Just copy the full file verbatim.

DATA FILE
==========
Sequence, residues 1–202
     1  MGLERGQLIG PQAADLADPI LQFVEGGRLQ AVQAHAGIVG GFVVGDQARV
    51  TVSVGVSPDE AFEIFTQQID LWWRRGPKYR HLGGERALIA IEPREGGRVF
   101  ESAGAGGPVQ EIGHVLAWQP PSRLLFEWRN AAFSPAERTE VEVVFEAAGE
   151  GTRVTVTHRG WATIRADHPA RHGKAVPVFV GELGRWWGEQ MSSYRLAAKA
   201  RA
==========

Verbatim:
Sequence, residues 1–202
     1  MGLERGQLIG PQAADLADPI LQFVEGGRLQ AVQAHAGIVG GFVVGDQARV
    51  TVSVGVSPDE AFEIFTQQID LWWRRGPKYR HLGGERALIA IEPREGGRVF
   101  ESAGAGGPVQ EIGHVLAWQP PSRLLFEWRN AAFSPAERTE VEVVFEAAGE
   151  GTRVTVTHRG WATIRADHPA RHGKAVPVFV GELGRWWGEQ MSSYRLAAKA
   201  RA